What is or isn't 25 feet will obviously be up to law enforcement. They will most likely be harassing people that are more than 25 feet away. This is not about helping police do their jobs; this is about making it harder to make them accountable for their actions.
    I don't disagree that the police will manipulate the rule. But that doesn't mean such a rule isn't justified.

    I am the father of two young sons. One of my oldest son's favorite past-times is to lick his finger and stick it about one inch from his brother's face and when his brother protests he says, "What?! I'm not touching you!"

    I can envision a situation in which an officer is trying to make a legitimate arrest and bystanders, with cameras or not, start getting too close for comfort. Close enough to be distracting. Close enough the officer may even feel in danger. Imagine a group of friends out, perhaps they just won a hockey game, and one of them throws a beer bottle through a car window breaking it. An officer sees it and starts arresting the guy. All of a sudden his dozen buddies surround him and the officer and get really close. They are yelling at the officer that their buddy didn't do anything and this is ****ed up and they start calling him a pig and everything else. Everything they are yelling is protected by the first amendment, as it should be. But it will be very difficult for the officer to do his job properly and communicate with dispatch over the noise.

    "We're not touching you! We're not touching you!"

    A balance has to be found.

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    Re: Texas Bill Would Make Recording Police Illegal

    Quote Originally Posted by BrewerBob View Post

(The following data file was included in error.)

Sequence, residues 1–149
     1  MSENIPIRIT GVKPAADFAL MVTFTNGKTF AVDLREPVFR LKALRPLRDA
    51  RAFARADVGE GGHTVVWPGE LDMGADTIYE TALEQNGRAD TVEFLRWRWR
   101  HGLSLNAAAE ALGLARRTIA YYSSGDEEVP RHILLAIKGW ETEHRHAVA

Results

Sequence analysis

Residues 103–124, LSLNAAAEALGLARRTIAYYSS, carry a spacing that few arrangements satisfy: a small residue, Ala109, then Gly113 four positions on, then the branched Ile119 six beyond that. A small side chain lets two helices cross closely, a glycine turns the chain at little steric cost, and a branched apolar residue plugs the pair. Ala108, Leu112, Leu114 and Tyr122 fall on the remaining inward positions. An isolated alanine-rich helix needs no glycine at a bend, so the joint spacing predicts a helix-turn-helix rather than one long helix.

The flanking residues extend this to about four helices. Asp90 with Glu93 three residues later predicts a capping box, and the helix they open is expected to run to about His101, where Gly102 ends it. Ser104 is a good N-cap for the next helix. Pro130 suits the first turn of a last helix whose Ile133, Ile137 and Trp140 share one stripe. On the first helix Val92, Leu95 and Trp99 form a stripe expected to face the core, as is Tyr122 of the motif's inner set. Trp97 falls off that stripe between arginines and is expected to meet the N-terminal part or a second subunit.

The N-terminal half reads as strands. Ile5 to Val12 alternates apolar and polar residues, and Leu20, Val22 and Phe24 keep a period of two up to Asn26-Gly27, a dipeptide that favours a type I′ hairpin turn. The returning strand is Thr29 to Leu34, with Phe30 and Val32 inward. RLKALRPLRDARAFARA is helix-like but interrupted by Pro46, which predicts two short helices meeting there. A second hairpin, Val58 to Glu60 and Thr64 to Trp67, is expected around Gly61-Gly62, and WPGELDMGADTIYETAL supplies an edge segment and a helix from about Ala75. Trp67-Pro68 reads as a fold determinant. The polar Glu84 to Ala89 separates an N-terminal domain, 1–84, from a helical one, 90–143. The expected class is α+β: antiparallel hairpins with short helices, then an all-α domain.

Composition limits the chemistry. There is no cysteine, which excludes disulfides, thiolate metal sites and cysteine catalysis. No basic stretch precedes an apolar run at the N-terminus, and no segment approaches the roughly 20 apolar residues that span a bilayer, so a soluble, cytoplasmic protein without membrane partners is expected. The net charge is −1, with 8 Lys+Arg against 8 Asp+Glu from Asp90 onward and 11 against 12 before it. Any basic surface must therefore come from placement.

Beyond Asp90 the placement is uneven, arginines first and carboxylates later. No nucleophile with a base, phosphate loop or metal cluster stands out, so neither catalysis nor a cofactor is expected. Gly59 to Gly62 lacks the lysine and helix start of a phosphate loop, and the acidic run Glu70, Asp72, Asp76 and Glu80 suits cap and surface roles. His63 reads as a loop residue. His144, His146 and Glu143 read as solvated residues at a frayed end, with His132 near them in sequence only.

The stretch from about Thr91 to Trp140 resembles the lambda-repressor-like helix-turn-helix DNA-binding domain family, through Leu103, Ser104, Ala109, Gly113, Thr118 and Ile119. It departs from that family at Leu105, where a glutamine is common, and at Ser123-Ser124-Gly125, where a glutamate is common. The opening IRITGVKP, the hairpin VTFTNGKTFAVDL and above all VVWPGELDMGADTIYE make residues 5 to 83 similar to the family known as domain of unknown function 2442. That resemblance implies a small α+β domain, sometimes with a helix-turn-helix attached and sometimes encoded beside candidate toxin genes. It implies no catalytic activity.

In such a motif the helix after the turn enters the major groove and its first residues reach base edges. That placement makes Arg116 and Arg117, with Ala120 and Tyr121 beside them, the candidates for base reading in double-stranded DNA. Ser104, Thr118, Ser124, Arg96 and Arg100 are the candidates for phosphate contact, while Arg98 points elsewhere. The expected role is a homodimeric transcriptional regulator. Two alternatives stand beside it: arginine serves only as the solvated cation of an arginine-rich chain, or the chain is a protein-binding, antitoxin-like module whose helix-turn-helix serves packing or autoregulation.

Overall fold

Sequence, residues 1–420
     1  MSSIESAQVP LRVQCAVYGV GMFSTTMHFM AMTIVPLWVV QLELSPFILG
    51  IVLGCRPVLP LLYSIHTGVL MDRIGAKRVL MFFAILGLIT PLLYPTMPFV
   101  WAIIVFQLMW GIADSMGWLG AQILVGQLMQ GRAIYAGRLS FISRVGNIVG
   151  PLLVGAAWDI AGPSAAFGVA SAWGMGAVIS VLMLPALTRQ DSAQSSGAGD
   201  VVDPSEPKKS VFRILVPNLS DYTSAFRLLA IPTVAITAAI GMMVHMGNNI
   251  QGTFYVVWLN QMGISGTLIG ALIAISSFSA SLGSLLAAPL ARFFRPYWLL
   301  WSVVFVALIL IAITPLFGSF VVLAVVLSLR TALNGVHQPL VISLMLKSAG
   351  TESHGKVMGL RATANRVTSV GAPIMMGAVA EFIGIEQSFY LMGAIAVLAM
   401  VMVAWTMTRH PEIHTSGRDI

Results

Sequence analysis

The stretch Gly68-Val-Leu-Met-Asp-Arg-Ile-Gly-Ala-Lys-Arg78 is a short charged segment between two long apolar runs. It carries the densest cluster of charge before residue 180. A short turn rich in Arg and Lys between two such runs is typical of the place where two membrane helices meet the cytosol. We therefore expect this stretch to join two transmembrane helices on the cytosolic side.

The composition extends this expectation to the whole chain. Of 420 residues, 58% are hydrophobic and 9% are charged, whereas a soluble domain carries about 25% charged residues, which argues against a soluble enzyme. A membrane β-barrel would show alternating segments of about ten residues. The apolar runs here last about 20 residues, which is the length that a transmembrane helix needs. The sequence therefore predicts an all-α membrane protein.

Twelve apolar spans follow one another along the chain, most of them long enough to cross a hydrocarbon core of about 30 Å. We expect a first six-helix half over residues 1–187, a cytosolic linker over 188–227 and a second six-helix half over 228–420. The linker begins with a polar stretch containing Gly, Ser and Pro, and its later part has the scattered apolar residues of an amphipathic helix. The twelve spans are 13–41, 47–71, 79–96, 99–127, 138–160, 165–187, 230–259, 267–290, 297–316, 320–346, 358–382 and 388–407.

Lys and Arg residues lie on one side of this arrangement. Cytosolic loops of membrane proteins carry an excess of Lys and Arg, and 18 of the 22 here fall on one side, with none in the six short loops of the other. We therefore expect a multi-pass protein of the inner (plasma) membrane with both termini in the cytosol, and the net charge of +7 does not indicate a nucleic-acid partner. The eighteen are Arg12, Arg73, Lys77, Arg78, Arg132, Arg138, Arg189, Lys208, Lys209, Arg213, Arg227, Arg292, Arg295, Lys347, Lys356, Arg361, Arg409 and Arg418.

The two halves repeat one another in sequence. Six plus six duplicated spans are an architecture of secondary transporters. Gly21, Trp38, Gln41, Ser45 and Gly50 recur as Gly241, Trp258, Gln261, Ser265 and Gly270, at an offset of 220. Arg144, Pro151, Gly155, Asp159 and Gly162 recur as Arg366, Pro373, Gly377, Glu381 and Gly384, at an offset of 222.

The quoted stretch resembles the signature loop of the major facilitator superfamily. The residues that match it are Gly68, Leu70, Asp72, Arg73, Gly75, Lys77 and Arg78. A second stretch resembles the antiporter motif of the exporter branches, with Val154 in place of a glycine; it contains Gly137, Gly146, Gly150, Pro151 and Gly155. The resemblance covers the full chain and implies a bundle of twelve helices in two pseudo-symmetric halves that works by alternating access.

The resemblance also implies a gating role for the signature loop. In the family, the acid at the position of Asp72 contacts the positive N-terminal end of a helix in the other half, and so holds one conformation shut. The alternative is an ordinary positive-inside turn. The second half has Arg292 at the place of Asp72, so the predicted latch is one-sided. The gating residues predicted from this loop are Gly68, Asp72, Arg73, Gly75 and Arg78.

A balance has to be found.
    Make it illegal to film the police on the condition that all police wear cameras all the time.

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    Re: Texas Bill Would Make Recording Police Illegal

    Quote Originally Posted by BrewerBob View Post
    I don't disagree that the police will manipulate the rule. But that doesn't mean such a rule isn't justified.

    I am the father of two young sons. One of my oldest son's favorite past-times is to lick his finger and stick it about one inch from his brother's face and when his brother protests he says, "What?! I'm not touching you!"

    I can envision a situation in which an officer is trying to make a legitimate arrest and bystanders, with cameras or not, start getting too close for comfort. Close enough to be distracting. Close enough the officer may even feel in danger. Imagine a group of friends out, perhaps they just won a hockey game, and one of them throws a beer bottle through a car window breaking it. An officer sees it and starts arresting the guy. All of a sudden his dozen buddies surround him and the officer and get really close. They are yelling at the officer that their buddy didn't do anything and this is ****ed up and they start calling him a pig and everything else. Everything they are yelling is protected by the first amendment, as it should be. But it will be very difficult for the officer to do his job properly and communicate with dispatch over the noise.

    "We're not touching you! We're not touching you!"

    A balance has to be found.
    In truth a hard perimeter is probably less easily manipulated by the police. Right now the officer has complete discretion.

    I don't recall this ever being an issue in the past, and, as far as I know, we don't have a raft of laws specifying how close bystanders can get to police. So what's changed? Are people with camera truly interfering with policing or are they threatening to policing?
    Don't be a grammar nazi - Marcus Aurelius, Meditations, Book 1 #7